Psoriasis is an autoimmune disease (immune system attacks the patient) of the skin. It is characterized by raised red areas of the skin called plaques. The plaques typically have what is called scales that flake off the skin similar to dandruff. The plaques favor the scalp, elbows, knees and trunk. They can be localized to a few plaques or may encompass 70% or more of the total skin surface in more serious cases.
How is arthritis related to psoriasis which is a skin condition?
Psoriatic arthritis is also an autoimmune disease and occurs in up to 30% of people with psoriasis. The genetic risk factors are similar to psoriasis but a bit different and complex. The arthritis normally follows the appearance of the psoriasis plaques but in a few people, the arthritis begins first. Often a dermatologist will suspect that a person with psoriasis has psoriatic arthritis and refer the person to a rheumatologist to confirm the diagnosis. It is important to remember that just because someone with psoriasis has joint pain that it does not mean that they have psoriatic arthritis as conditions like osteoarthritis or fibromyalgia are much more common.
What kind of joint symptoms are seen in psoriatic arthritis?
Psoriatic arthritis is an inflammatory form of arthritis meaning a person affected will be stiff in the morning typically over 30-45 minutes and feel less stiff with activity. Swelling is also common and one can see what is called dactylitis or so called “sausage” finger or toe due to the diffuse swelling of the joints and surrounding tissues.
In the hands, all of the joints can potentially be affected including the joints on the ends of the fingers called the distal interphalangeal joints or DIPs (note swelling of the DIP joint of the index finger of hand in in picture). Almost any large joint can be affected as well with swelling, pain and gradual joint damage due to loss of cartilage. In some people the back can be inflamed leading to stiffness, pain, and gradual loss of motion. Spine involvement with psoriatic arthritis is called spondylitis and can be similar to a condition called ankylosing spondylitis.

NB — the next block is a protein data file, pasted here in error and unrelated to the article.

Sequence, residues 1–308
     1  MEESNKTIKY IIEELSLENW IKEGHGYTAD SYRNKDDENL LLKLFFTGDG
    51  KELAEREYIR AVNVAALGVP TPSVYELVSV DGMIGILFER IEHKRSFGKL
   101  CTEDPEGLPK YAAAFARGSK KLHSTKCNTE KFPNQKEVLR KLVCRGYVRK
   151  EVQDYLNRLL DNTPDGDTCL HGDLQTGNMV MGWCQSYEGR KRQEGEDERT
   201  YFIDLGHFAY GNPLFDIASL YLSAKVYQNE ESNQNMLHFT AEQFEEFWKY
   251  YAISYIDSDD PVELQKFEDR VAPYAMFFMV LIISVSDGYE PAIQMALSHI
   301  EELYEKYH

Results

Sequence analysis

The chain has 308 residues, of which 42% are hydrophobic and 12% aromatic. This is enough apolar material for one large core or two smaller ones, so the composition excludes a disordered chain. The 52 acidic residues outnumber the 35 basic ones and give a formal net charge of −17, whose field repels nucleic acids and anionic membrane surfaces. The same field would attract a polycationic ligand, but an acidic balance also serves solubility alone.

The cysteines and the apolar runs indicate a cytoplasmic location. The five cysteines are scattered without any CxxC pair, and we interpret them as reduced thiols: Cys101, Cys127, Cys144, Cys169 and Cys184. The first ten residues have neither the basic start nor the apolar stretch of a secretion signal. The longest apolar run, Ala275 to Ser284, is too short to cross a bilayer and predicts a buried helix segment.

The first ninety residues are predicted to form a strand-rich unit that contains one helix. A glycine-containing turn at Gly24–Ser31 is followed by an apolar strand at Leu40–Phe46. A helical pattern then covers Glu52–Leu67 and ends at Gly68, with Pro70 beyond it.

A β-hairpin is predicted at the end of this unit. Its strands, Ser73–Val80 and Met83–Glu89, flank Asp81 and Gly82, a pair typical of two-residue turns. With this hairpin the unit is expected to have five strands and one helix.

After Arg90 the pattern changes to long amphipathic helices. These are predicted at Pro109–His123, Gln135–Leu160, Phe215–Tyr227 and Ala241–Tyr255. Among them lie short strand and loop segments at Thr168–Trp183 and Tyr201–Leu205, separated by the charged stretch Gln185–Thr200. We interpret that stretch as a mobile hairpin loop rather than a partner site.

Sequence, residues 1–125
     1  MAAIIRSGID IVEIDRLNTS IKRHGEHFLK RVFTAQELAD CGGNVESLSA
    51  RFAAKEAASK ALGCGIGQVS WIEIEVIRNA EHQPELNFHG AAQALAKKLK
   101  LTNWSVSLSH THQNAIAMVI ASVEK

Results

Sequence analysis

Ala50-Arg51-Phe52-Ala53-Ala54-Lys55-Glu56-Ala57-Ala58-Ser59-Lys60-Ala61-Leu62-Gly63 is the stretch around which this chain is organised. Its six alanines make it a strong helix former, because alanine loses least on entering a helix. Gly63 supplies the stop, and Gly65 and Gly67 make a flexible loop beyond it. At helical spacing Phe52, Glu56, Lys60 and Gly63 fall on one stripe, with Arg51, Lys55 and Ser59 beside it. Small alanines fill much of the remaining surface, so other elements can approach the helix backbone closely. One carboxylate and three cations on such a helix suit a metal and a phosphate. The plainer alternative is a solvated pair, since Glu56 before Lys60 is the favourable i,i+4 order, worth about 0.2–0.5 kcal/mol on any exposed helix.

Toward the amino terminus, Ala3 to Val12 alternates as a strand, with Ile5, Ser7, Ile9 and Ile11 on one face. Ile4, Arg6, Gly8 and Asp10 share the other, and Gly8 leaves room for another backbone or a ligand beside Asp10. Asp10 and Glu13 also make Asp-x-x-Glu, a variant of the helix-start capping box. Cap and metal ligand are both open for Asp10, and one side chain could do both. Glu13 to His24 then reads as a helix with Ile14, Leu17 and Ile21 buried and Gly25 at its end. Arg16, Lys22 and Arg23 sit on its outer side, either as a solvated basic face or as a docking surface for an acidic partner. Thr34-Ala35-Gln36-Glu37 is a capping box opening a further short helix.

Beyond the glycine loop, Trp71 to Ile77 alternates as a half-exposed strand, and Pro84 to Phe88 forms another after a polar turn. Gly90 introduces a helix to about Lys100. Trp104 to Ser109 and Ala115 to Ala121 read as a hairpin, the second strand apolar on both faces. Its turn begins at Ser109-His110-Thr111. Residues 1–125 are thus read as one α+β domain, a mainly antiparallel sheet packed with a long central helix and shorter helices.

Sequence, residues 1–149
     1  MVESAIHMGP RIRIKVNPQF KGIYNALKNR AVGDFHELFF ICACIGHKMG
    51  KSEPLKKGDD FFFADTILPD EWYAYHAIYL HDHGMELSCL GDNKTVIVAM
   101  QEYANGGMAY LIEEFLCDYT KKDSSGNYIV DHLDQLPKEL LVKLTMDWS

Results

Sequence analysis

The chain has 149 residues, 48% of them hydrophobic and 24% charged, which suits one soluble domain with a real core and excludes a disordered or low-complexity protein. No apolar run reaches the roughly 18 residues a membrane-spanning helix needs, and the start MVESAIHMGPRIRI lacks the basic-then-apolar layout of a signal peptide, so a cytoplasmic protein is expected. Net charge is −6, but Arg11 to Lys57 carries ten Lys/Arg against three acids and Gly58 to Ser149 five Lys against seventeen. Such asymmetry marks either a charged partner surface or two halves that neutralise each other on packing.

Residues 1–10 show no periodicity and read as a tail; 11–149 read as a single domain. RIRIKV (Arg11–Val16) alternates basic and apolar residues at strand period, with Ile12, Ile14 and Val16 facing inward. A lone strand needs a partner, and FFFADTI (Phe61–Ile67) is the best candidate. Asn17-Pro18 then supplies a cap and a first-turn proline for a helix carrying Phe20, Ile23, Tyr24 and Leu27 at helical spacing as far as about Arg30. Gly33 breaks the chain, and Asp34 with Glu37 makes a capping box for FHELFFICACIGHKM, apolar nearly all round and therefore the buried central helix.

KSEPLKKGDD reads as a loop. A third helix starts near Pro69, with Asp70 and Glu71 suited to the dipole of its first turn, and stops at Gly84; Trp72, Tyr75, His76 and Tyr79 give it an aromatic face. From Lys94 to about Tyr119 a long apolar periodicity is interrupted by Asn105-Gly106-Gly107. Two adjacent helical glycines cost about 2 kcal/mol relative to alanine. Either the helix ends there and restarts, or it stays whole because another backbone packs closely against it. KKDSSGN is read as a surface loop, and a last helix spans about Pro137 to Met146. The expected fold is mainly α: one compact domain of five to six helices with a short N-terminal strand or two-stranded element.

Usually psoriatic arthritis affects only 2-5 joints, so-called pauciarthritis. Occasionally there is only one joint affected (monoarthritis) and is some people multiple joints (polyarthritis) might be affected and their psoriatic arthritis may resemble rheumatoid arthritis.
People with psoriatic arthritis can also get enthesitis. The enthesis is an area where connective tissue such as tendons, ligaments, or the tissue surrounding the joint called the capsule inserts into bone. These areas can be inflamed and cause pain without obvious joint swelling. These areas of inflammation can be seen on imaging studies such as an MRI scan or by ultrasound. Several of the faculty at the University of Washington are trained in musculoskeletal ultrasound, including Dr. Scott Pollock, and can do an enthesitis exam if needed.
Who gets psoriatic arthritis?
Genes are important in psoriasis and psoriatic arthritis but the genetics are complicated as noted previously. Unlike rheumatoid arthritis where more women than men get the disease, psoriatic arthritis has an equal male to female ratio. The age of onset is diverse and even kids can get psoriatic arthritis. Other risk factors include being overweight and having diffuse psoriasis, psoriasis of the scalp, or psoriasis involving the skin folds (so-called inverse psoriasis).